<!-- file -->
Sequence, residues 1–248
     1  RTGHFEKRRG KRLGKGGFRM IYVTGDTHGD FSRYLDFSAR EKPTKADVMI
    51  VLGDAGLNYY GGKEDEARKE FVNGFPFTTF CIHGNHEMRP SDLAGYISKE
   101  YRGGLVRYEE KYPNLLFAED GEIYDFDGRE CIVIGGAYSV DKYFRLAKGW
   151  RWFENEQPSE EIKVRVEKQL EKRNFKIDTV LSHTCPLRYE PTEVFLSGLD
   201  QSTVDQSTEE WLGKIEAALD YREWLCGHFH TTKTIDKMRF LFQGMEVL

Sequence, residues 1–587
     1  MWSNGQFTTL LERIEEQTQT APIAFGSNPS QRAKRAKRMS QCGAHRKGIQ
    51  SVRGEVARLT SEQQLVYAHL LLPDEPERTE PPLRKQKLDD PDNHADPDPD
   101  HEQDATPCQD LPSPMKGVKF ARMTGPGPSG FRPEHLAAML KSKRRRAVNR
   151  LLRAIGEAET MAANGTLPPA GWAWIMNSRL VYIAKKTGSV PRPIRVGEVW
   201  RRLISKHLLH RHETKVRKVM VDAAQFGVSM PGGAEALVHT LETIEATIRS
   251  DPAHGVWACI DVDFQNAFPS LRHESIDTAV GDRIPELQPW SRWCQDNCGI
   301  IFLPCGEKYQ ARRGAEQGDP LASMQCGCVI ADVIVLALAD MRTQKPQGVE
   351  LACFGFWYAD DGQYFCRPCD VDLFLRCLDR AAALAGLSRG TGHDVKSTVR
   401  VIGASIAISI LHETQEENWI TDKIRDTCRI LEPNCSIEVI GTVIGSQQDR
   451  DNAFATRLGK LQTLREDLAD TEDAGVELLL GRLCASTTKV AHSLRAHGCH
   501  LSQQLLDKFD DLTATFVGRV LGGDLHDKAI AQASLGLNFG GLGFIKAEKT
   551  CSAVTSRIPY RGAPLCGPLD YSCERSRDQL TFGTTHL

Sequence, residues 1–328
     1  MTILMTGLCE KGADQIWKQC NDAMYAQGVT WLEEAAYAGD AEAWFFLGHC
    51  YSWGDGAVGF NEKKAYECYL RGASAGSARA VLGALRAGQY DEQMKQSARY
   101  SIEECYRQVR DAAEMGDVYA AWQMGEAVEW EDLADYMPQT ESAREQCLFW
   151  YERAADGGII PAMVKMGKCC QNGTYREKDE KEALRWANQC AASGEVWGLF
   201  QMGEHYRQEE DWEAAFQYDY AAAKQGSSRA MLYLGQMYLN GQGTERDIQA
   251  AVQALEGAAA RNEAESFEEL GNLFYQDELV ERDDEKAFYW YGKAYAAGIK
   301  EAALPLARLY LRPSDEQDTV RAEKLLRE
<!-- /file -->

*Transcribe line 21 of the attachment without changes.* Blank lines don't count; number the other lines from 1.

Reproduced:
     1  MTILMTGLCE KGADQIWKQC NDAMYAQGVT WLEEAAYAGD AEAWFFLGHC